Seitan - A Food Mystery Unraveled

By Guest Columnist Rachel Harkham

Rachel HarkhamSince visiting Kosherfest this past November, I've been thinking about seitan. It was there that I sampled the seitan gyros that Taft Foods was demonstrating and dispatching to a steady flow of visitors. After experiencing delicious bites of grilled seasoned seitan slices slathered in herbaceous tzatziki yogurt sauce and wrapped neatly in laffa bread, the recipe possibilities of this vegetarian protein began simmering away in my overfed imagination.

Seitan is made from wheat gluten. It offers a chewy, dense, and dare I say "meatier" texture than tofu, plus has more protein, less calories and fat per serving. Seitan for the most part is a blank-canvas food, meaning it takes on the taste of whatever spices and flavoring it is prepared with. But due to its texture it is more palatable to non-vegetarians, and can be prepared in a way with flavor that mimics meat or chicken. For kosher-keepers it translates as a parve protein or as the Japanese call it wheat-meat. For the health conscious it provides a versatile and healthier alternative to meat. For both reasons I was excited to play around with this product.

I met Jessica Taft at a health food store in Manhattan. She began our conversation by taking me to the fridges in the back of the store where she grabbed a couple packages of her seasoned seitan (gyro and sausage) to use as visual aids. She then told me about a food memory that has been a guiding inspiration for her life; it was at an outdoor rock concert in California sometime in the mid-eighties. She does not remember the band, but remembers what she ate... a vegetarian gyro. And that's when she realized that "you don't have to be a vegetarian to eat like one". And so in her quest to recreate the perfect vegetarian gyro she enrolled in the Natural Foods Culinary School in NYC, where she worked on seitan gyro recipes that would appeal to vegetarians and non-vegetarians alike.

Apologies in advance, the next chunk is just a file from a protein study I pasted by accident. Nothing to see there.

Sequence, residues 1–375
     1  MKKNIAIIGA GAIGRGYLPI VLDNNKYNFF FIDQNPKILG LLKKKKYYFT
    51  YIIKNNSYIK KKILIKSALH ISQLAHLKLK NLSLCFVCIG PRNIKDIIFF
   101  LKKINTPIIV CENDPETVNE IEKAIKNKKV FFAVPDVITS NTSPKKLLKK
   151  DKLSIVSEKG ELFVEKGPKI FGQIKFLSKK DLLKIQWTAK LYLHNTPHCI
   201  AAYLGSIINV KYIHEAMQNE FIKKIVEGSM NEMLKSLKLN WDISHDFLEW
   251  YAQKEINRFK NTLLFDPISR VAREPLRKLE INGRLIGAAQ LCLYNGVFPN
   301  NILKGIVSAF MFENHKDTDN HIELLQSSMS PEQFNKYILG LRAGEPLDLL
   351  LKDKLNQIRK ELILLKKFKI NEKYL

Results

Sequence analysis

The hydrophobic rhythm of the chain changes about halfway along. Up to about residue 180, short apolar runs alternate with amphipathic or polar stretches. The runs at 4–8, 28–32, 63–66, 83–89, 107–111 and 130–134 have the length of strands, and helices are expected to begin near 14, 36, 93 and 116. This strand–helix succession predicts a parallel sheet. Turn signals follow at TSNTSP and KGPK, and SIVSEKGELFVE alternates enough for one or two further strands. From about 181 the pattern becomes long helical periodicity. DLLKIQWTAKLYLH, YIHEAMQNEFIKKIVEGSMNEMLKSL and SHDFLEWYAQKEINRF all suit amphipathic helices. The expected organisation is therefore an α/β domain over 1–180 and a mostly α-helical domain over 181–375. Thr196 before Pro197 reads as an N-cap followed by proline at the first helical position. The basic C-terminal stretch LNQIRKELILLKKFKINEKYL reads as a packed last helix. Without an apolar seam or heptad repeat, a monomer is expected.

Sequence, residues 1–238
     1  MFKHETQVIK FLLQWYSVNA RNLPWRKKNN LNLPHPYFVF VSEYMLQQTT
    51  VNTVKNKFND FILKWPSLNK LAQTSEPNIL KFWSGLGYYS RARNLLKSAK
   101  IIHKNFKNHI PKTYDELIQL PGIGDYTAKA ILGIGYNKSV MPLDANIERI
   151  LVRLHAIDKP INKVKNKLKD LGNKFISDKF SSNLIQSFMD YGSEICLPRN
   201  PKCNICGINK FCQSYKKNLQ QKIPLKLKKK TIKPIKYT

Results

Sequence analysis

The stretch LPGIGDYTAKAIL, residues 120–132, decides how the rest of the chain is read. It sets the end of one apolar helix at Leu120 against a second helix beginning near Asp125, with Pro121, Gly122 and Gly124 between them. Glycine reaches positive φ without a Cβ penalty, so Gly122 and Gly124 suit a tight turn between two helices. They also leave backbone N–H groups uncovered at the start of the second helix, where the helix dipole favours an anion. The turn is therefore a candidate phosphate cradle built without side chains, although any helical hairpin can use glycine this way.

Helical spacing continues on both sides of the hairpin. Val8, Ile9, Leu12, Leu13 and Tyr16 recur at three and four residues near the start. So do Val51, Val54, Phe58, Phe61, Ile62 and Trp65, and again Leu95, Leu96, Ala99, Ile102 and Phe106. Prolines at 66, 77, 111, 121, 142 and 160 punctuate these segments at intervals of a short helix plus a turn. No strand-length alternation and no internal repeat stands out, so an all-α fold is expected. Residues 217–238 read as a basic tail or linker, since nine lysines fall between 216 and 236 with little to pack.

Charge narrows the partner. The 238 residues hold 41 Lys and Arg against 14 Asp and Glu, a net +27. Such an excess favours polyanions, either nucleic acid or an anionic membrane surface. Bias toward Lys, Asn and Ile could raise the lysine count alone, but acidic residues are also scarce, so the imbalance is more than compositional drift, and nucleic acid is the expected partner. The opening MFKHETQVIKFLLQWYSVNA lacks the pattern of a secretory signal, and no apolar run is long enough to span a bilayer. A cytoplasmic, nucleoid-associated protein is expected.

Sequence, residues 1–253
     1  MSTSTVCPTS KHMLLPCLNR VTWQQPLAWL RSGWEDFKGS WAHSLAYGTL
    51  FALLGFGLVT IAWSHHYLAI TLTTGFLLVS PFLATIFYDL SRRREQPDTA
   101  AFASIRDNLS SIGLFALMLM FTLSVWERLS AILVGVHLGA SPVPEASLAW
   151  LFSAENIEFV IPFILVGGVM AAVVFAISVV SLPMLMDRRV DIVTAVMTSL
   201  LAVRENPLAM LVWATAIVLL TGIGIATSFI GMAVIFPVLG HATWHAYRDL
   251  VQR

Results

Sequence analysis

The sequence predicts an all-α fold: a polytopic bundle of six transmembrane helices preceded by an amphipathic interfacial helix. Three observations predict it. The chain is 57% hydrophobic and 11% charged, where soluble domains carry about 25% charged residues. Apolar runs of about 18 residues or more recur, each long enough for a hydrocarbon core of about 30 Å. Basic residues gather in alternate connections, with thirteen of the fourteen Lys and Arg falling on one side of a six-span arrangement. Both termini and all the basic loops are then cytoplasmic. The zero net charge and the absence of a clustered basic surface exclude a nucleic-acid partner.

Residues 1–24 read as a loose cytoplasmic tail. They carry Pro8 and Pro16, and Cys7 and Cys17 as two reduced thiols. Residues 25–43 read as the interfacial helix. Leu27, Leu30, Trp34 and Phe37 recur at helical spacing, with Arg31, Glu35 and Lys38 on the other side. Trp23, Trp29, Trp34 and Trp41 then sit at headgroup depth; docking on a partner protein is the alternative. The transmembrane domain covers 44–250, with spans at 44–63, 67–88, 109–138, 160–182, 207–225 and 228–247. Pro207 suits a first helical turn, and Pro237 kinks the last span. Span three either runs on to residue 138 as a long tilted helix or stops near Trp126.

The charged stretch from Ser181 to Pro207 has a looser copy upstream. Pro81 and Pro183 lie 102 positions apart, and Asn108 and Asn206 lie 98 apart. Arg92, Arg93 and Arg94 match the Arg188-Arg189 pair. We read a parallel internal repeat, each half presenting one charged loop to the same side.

While she was telling me about the stringent kosher certification her seitan features, the woman at the next table broke into the conversation. She studied the packages on the table, asked a few questions about how the product should be prepared or served (in pasta, on a pizza, with an omelet...). "This will be perfect for my daughter, she is very's easy-to-prepare, different, and parve!"

Back in my kitchen the objective was clear: putting plain seitan to the Carnivore Test. Could it stand in for pastrami, turkey, chicken? The Deli Maven in the house would surely have something to say. Steeping seitan strips overnight in a brew of borscht, pickle juice, and a blend of spices, yielded a pastrami-hued substance. After coarsely chopping the seitan then lightly sautéing it so it was crispy around the edges, it was heaped on top of a saucy layer of Russian dressing, with a scoop or two of sauerkraut, and then blanketed in melted Swiss cheese. The deli lover was both surprised and pleased with the result.

Then because Big Game Sunday was just a football toss away, throwing a Buffalo chicken-style dish into the mix made sense. Chopping up seitan purchased at my local health food store, and dousing it in hot sauce and then baking it in piquant blue cheese dressing and cream cheese presented a substantial and irresistible vegetarian dip. Which kind of sums up my seitan cooking experiment in general.

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Recipes from Rachel Harkham:
Sassy Seitan Reubens

Buffalo Seitan Chicken Dip

Rachel Harkham is the author of "Get Cooking: A Jewish American Family Cookbook" written with Doni Zasloff Thomas. For more fun and tasty recipes, check out Rachel's website.

For more seitan recipes/information, visit Taft Food Masters.

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